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Old 2010-09-27, 21:43   #12
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Originally Posted by ewmayer View Post
Also, as I noted in a recent e-mail exchange with Paul/xilman, I think I finally hit my stride as to efficient SSE (and other ASM coding) with some recent SSE2 code which will go into a near-future Mlucas release ... Here is the recipe I use:

1> first code up all the key macros/code-sections in scalar mode (allowing complex subexpressions like z = a*x + b*y), and make sure that works correctly;

2> recode to reduce the number of local variables to match the number of available registers in the targeted ISA (I use special-named local variables with hexadecimal index fields - convenient for local memory storage writes of 16-byte-wide SSE registers - to stand for spills-to-memory like __m0, __m1, ... , __ma, __mb, which makes later conversion to inline assembler easy);

3> recode to mimic the instructions supported by the ISA, e.g. destructive 2-input-one-gets-overwritten for x86-style ISAs;

4> translate to assembler.

That makes it much easier to see the code flow and map out a quasi-optimal register-usage strategy. Of course this is exactly the kind of stuff optimizing compilers are supposed to do for one and have been promised to do for 50-some years now ... but one can wait and hope that the next version of compiler X will actually live up to such promises, or roll up one's sleeves.
I don't think that's a good way to approach the problem, as SSE-stuff is designed to 'stream' data through the processor. IMO it is much easier to achieve peak performance by using only a few registers (read-only constants should be memory operands) with only a few arithmetic instructions but looping over medium-sized vectors. Loops should be unrolled to operate on cachelines per iteration, which maximizes L2->L1 bandwidth, aides efficient prefetching, and makes non-temporal stores effective. If one uses base+index addressing, increment-and-branch is only two instructions which can often be completely hidden, and branches can be perfectly predicted, if loops are short enough.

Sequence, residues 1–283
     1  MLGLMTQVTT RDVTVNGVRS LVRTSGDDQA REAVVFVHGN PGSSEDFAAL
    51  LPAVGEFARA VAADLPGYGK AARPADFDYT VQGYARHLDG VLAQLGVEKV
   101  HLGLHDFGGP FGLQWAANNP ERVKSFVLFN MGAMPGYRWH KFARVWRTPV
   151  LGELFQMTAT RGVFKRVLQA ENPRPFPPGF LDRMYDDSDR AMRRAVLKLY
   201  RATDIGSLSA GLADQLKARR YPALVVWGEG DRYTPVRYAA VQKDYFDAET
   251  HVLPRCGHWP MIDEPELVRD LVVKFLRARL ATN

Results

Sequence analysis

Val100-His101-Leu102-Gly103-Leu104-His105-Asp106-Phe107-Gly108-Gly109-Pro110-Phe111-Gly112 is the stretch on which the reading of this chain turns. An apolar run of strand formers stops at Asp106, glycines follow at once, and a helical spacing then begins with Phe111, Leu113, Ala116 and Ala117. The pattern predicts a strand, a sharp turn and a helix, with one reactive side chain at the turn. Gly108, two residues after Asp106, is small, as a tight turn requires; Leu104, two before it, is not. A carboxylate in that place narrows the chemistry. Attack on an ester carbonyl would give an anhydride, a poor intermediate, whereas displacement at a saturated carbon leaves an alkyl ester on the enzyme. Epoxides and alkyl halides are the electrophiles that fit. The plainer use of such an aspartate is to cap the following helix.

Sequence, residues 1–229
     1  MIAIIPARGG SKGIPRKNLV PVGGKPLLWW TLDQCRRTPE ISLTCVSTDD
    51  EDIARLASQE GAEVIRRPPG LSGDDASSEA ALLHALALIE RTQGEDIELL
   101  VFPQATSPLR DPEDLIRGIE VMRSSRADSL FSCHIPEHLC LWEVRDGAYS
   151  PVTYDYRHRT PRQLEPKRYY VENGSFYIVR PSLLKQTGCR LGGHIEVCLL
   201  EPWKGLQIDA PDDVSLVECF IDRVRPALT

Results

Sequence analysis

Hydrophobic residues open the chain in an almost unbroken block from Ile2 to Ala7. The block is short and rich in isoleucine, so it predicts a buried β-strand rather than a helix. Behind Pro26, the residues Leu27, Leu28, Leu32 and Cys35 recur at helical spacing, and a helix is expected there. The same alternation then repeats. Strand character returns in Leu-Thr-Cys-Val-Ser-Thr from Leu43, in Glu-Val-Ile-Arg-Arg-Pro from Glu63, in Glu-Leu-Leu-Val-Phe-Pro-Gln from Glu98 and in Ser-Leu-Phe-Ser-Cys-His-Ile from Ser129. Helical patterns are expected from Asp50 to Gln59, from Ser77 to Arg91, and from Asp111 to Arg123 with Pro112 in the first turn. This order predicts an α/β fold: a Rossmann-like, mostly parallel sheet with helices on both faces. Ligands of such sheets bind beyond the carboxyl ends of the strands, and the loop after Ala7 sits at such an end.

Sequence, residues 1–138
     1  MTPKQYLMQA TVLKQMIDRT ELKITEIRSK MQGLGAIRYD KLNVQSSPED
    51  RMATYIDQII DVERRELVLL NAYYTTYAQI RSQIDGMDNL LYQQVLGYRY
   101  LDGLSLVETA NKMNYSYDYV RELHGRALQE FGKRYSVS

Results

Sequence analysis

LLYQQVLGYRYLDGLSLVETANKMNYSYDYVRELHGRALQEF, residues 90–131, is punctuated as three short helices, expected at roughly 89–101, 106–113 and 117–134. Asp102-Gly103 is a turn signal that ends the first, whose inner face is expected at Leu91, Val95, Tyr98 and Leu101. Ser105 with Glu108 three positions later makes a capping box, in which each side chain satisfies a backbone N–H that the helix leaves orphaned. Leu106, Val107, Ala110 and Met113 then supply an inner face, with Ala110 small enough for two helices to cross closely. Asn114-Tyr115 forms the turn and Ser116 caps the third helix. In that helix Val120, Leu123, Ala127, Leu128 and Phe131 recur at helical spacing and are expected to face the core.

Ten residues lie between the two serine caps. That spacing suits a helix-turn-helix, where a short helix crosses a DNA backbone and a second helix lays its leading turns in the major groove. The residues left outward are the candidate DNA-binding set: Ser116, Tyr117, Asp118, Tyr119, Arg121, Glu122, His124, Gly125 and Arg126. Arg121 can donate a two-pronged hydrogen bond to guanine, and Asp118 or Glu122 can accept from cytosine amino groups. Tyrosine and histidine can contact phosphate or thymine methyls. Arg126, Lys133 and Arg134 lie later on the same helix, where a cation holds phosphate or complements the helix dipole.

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Old 2010-09-27, 23:00   #13
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Your approach makes sense for short-loop code like the linear-algebra BLAS stuff and for code with small compute segments accessed via branches, but my code has large loop bodies and no branches of note (except the "done with loop?" variety) - think radix-8 and larger DFT-pass loops - so benefits little or not at all from unrolling. (In other words the loop body *is* the unroll, in a manner of speaking.)

And yes, I do a lot accessing read-only operands via memory reads: I only prefer loading such an operand into a register if I'm going to use it more than twice in the same snippet of code and of course if I have a register free.